The utilization of artificial intelligence (AI) in card games has been a well-explored subject within AI research for an extensive period. Recent advancements have propelled AI programs to showcase expertise in intricate card games such as Mahjong, DouDizhu, and Texas Hold'em. In this work, we aim to develop an AI program for an exceptionally complex and popular card game called GuanDan. This game involves four players engaging in both competitive and cooperative play throughout a long process to upgrade their level, posing great challenges for AI due to its expansive state and action space, long episode length, and complex rules. Employing reinforcement learning techniques, specifically Deep Monte Carlo (DMC), and a distributed training framework, we first put forward an AI program named DanZero for this game. Evaluation against baseline AI programs based on heuristic rules highlights the outstanding performance of our bot. Besides, in order to further enhance the AI's capabilities, we apply policy-based reinforcement learning algorithm to GuanDan. To address the challenges arising from the huge action space, which will significantly impact the performance of policy-based algorithms, we adopt the pre-trained model to facilitate the training process and the achieved AI program manages to achieve a superior performance.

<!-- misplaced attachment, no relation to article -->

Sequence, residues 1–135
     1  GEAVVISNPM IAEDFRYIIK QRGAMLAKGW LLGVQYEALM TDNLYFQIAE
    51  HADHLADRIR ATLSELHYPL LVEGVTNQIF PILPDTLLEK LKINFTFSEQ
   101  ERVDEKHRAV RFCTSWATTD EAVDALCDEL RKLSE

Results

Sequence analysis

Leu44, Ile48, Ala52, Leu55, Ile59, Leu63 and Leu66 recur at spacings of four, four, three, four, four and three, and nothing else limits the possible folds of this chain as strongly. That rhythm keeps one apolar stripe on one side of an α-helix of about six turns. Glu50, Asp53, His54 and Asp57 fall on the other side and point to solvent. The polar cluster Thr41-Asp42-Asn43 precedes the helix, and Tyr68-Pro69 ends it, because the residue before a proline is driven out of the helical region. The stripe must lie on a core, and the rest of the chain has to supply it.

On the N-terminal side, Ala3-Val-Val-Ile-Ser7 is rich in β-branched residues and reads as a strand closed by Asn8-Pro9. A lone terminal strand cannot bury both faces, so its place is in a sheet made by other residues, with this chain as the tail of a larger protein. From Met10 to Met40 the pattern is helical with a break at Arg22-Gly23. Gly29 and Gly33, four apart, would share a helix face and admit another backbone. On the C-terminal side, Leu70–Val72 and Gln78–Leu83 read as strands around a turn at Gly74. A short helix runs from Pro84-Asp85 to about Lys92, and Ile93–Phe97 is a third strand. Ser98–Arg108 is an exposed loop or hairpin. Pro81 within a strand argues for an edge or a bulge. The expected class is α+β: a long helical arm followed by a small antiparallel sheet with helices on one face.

This work presents DocPedia, a novel large multimodal model (LMM) for versatile OCR-free document understanding, capable of parsing images up to 2,560$\times$2,560 resolution. Unlike existing work either struggle with high-resolution documents or give up the large language model thus vision or language ability constrained, our DocPedia directly processes visual input in the frequency domain rather than the pixel space. The unique characteristic enables DocPedia to capture a greater amount of visual and textual information using a limited number of visual tokens. To consistently enhance both perception and comprehension abilities of our model, we develop a dual-stage training strategy and enrich instructions/annotations of all training tasks covering multiple document types. Extensive quantitative and qualitative experiments conducted on various publicly available benchmarks confirm the mutual benefits of jointly learning perception and comprehension tasks. The results provide further evidence of the effectiveness and superior performance of our DocPedia over other methods.